1. President Packer’s talk, with its focus on the atonement. It was also remarkably inclusive, quoting a woman’s spiritual experience, emphasizing that the gospel is for everyone, with references to the body of Christ and the importance of each member. It was difficult for me to see him appear to be in physical distress.
2. I think having speakers speak in their native languages is a great move. Every time I see evidence of the truly international nature of the church, it strengthens my testimony.
3. President Uchtdorf, as usual, knocked it out of the park. (I should probably re-title my Monday-morning-after-conference post series “Four Things I Liked Plus Whatever President Uchtdorf Said.” I hope “stranded on the raft of our own biases” enters the Mormon lexicon. And “your testimony must be this tall to enter.” He has a gift for giving talks that are welcoming to everyone while at the same time challenging everyone to do better. That is not an easy combo to pull off–most people tip too far to one side or the other. His message that while truth doesn’t change our ability to perceive it can change is very important. As for his priesthood meeting talk, I loved the idea that we need to stop thinking about what other people need to learn and look inward at what we need to learn ourselves.
I think it would be interesting to try to analyze “The Uchtdorf Formula for Amazing Talks” because it is more than just charm, good looks, and an interesting accent. I think the key is that he takes a big, deep concept and presents it in an analogy. All of his humor is either self-deprecating or Mormon-culture-deprecating. Then he speaks in general terms (leaving the audience to determine their own personal application) about how to live the gospel more fully. He’s always completely inclusive and welcoming of everyone–there’s no effort to draw boundaries and push some people out. He’s also big on conveying God’s love for everyone. (Did I miss anything? Is there a better way to describe what he does?)
4. Elder Holland’s talk. Go listen to it. His powerful testimony about the importance of helping the poor is not to be missed.
I am going to make a prediction: as these issues become better known and as gay marriage becomes legalized, our concern with attacks on the family will morph into concern over income inequality as an attack on the family. (That said, I don’t see General Conference talks attacking the 1%–I see an increased emphasis on education and practical solutions, such as BYU-I Pathways and the Perpetual Education Fund. Dare I also point out that if we moved away from traditional gender roles, it might help with this problem?)
5. Elder Bednar’s talk. I see it as a model for how to share the gospel in a way unlikely to cause offense and likely to be most appealing to those investigating the church.
Bonus: this article was full of feminist win. I know there is an ongoing debate within the LDS feminist community regarding whether we should be happy with or dismayed by minor changes, but I’m coming down on the side of being happy at the notion of a Stake Relief Society President picking up general leaders in her police car, a general leader saying “If I choose to work [=have a career], that’s great,” more frequent references to Heavenly Parents, and stake presidents calling female leaders “mouthpiece[s] for the prophet.” This paragraph in particular is more than small change, more than window dressing, more than marketing:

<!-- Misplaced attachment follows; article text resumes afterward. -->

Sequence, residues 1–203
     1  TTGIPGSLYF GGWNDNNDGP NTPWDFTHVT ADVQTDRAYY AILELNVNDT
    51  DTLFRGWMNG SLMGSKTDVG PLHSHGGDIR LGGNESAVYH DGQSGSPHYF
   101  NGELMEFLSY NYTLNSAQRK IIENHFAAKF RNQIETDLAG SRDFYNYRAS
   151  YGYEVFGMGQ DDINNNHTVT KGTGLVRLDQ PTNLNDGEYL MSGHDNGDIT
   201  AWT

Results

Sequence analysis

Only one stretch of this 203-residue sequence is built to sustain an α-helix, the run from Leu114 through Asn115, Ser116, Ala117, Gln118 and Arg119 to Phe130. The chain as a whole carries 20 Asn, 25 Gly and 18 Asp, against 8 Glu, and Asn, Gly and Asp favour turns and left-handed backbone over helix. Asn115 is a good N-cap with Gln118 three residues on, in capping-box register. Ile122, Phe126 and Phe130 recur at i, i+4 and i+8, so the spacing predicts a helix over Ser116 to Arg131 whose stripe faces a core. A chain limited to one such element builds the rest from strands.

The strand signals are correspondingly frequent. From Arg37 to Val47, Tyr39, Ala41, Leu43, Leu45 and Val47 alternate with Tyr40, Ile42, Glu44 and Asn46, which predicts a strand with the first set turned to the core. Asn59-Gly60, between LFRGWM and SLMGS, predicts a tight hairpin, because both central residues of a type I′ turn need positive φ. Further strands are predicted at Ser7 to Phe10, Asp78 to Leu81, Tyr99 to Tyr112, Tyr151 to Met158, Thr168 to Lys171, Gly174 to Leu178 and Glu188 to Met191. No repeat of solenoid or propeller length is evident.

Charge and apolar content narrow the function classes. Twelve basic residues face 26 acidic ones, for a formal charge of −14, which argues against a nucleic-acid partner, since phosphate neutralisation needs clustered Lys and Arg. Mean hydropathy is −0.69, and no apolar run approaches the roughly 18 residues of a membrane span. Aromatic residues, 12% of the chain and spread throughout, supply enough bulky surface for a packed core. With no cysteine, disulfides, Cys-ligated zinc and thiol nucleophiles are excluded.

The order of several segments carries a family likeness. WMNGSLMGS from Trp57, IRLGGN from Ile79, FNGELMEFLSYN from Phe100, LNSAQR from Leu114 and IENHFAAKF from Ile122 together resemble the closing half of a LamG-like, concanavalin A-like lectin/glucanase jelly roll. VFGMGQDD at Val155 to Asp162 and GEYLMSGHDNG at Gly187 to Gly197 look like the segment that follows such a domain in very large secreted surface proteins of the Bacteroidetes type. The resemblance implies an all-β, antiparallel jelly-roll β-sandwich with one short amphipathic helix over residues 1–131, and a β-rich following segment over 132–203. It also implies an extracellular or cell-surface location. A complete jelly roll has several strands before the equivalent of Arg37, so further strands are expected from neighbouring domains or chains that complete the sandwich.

“This [=Elder Oaks’ April GC talk that women use priesthood authority in their callings],” Sister Oscarson said, “is language we haven’t heard before, and we need to teach it to our young women. We spend a whole month of Sundays each year now on lessons about the priesthood. They need to be not just ‘how do you sustain men in the priesthood?’ We need to teach them that when they go out as a class presidency to visit a young woman, they are acting with priesthood authority.”
Separate issue: (not) counting the General Women’s Meeting as part of General Conference per President Eyring’s intro on Saturday morning (but perhaps President Uchtdorf thinks differently per his statement at the GWM? And the opening prayer for the priesthood session said something about the “fourth” session of conference). Considering the GWM as part of GC is precisely the kind of change that the church should make. There is, obviously, no doctrinal barrier to counting the GWM as part of GC, but not doing so sends the message that women don’t “count” in the church.
(Also, I was a little surprised that there were no references to the Meet the Mormons movie. Probably makes sense since it is not an international release.)
And: I think we need to talk more about faithening our strength. (That’s serious–not snarky.)
My penultimate observation: If Person A accuses Person B of living in a bubble, Person B’s assurances that s/he does not, no matter how vehement, will not convince Person A, because no one thinks that they live in a bubble–that’s the consequence of living in a bubble. The only way to prove that you are not living in a bubble is to show evidence of your awareness of the world outside of the bubble. I saw lots of evidence of speakers who are not living in a bubble. (I have on other occasions seen scary evidence of leaders living in bubbles, but not this weekend.)
One more thing: I wish people would quit kvetching about President Monson “recycling” his talks. If there is anything timeless about his talks (and I believe that there is), then it is well worth him repeating them from time to time. He’s got good scriptural precedent on this one: Jesus repeated his sermons, too.